Classic Remarks: Favorite Picture Book – Saint George and the Dragon

What is your favorite classic picture book? Or you can tell us about a picture book you think will or should become a classic.

I have written of this once before, but one of the most magical books from my childhood was Saint George and the Dragon, retold from Edmund Spenser’s Faerie Queene by Margaret Hodges, and illustrated by Trina Schart Hyman.

Please permit me the indulgence of quoting from my old post on the subject (linked above), as that post was answering essentially the same question as this.


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This is the knightly quest told in its purest form…

…the true attraction is really the art by Trina Schart Hyman…The weather is present in her images, whether wind or blue sky, clouds or boiling dragon-smoke. Her Fair Folk are wispy, like they might blow away at any moment, her Red Cross Knight (George) exudes strength and pure-heartedness, and her Princess Una is a vision of loveliness, quiet strength, and deep feeling.

…The battle of the dragon and knight is exciting and well-paced. You really feel the energy that both of them exert, and when after the first day of fighting the Red Cross Knight falls exhausted and wounded to sleep by “an ancient spring of silvery water,” and Una comes up to cover him with a cloak, in the picture you can hear the brook bubbling and the crickets singing as cool nighttime descends.

…It’s a fairy tale given the breath of life.


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Classic Remarks: Should “Lolita” be assigned in schools?

Should we be assigning Lolita in schools or is it taking up valuable syllabus space another book should have?

This is another case where I have not read the subject book, Vladimir Nabokov’s Lolita. I have never been required to read it, nor have I desired to. However, I am familiar with it in summary and reputation. Based on this, I would most definitely keep it out of school syllabi, except possibly for a college course in which the novel’s subject matter of pedophilia and psychiatry would be deemed relevant. I would be interested to hear from someone who has read or studied the book.

The story follows a man calling himself Humbert Humbert who obsessively lusts after young girls, especially a flirtatious and manipulative 12 year-old called Lolita with whom he has a perverse and torrid affair for several years. Humbert narrates his ugly, evil actions in beautiful, sophisticated prose designed to win the reader’s sympathy. There’s a deliberate contrast between the way he writes and the way he acts. Yet even though he labors to prove he is not insane and to justify his life and actions, his story still ends in violence and loneliness.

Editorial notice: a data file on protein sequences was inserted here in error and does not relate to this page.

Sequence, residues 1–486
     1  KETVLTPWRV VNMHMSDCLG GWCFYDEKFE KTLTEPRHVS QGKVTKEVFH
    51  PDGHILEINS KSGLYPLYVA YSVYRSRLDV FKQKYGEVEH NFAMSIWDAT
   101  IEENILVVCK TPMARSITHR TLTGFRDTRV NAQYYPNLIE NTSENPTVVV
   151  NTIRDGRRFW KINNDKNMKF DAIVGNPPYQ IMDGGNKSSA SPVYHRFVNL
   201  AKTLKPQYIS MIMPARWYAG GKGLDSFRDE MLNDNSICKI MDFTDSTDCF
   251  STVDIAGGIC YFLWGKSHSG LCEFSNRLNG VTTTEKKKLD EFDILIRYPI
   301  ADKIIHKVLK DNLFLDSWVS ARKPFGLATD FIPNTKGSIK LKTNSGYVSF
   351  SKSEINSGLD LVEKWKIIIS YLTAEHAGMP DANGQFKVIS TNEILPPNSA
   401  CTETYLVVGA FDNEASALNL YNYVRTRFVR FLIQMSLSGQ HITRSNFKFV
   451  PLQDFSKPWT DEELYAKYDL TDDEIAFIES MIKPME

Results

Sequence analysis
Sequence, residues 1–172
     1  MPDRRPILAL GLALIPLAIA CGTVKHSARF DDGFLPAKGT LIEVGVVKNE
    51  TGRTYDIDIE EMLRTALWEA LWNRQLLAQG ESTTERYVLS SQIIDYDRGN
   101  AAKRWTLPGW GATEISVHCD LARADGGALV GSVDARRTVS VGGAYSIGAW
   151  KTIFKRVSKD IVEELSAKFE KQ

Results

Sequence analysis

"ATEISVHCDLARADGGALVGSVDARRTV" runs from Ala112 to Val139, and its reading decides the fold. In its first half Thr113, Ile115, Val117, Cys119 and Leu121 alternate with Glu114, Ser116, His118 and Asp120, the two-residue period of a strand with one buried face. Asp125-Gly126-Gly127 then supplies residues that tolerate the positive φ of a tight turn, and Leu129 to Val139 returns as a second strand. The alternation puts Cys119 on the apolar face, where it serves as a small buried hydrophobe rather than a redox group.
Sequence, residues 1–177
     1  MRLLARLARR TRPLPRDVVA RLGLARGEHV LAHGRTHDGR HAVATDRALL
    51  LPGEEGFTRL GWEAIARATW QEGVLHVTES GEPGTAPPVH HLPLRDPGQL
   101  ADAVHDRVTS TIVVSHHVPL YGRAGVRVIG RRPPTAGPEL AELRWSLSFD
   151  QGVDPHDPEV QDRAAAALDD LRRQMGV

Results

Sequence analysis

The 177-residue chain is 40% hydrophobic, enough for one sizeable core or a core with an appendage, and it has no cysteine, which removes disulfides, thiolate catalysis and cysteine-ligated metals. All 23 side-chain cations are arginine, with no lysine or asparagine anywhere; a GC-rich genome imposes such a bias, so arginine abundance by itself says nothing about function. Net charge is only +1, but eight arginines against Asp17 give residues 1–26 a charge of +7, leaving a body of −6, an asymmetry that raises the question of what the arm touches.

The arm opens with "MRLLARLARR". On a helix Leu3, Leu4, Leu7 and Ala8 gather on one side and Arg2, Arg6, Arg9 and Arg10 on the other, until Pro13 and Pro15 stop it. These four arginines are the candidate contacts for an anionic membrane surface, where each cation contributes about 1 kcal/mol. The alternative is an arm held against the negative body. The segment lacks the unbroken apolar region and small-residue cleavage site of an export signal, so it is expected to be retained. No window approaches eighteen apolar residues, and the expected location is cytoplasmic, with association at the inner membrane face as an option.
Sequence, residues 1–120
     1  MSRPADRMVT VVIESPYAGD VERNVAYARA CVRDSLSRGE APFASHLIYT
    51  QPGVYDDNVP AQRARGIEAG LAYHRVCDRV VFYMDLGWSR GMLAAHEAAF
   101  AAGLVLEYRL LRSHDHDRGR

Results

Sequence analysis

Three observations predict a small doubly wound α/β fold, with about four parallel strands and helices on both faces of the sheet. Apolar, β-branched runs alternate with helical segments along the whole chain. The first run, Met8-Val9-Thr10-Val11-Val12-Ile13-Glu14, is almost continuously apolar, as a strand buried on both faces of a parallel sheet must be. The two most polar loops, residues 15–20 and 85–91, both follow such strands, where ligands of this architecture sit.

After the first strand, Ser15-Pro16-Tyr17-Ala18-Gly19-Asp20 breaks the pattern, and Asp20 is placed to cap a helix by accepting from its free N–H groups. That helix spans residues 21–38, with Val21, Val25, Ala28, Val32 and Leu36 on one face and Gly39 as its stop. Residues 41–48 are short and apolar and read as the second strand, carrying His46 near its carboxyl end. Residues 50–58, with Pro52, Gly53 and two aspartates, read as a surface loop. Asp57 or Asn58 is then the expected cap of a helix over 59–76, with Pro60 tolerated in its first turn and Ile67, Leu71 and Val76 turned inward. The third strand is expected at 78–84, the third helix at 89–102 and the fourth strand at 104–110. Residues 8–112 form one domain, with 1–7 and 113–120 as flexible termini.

As I understand it, Nabokov fully intends for us to despise Humbert and his sins. He also seems to scorn psychiatrists (especially those in the Freudian tradition) who seek simplistic ways to understand human behavior. One may do terrible, despicable things and yet still be a complex human being. Likewise, one may be a complex human being and yet still be justly condemned for choosing to do (and to enjoy) terrible, despicable things.

Do students, even up to the high school level, need to explore the crime of pedophilia in detail? And from the viewpoint of a charismatic predator? I don’t think so. Warn kids against strangers and teach them how to stay safe, by all means! But I see no reason why high school students (or younger) should be required to read a book that dramatizes such a traumatizing perversion from the viewpoint of the predator. From what I can tell, any important lesson in the book could also be gained from other powerful books that don’t dramatize pedophilia so graphically.

Looking at my own high school self, I guess that if I had read Lolita then, I would have been disgusted and disturbed, with those affects lasting, and would not have received much of any redeeming value in return. As opposed to something like Night by Elie Wiesel, which was disturbing in a way that was important and eye-opening. Night causes the reader to challenge prejudice and oppression by forcing us to confront the humanity of the victims and the injustice they have suffered, whereas Lolita gives us only the viewpoint of an unrepentant sexual predator.

Movie Review: “The Secret of Roan Inish” (1993)

“The Secret of Roan Inish” is both magical and comfortably down-to-earth in all its elements.

The Secret of Roan Inish (1993) (IMdB)
Director: John Sayles
Writers: John Sayles (screenplay) and Rosalie Fry (book)
Starring: Jeni Courtney, Mick Lally, Eileen Colgan, Richard Sheridan, John Lynch
Music by: Mason Daring
Length: 89 minutes
Rating (US): PG
Spoiler-free Synopsis: Young Fiona lives with her grandparents in a small fishing village on the Irish west coast and begins unraveling family mysteries while searching for her lost baby brother.
Reason for Watching: Selkie movie. Perfect movie.
Movie Re-watchability: Eminently, for me. It’s been a favorite film for many years and has never failed to inspire or move me.
Director Re-watchability: I haven’t seen Sayles’ other films, but have heard that each one is completely different. That speaks to a tremendous range in his abilities as a storyteller, but also makes it hard to determine whether I’d like his other ones. His style in this film, however, is one that suits me perfectly.
Recommendation: YES.

Key Thoughts

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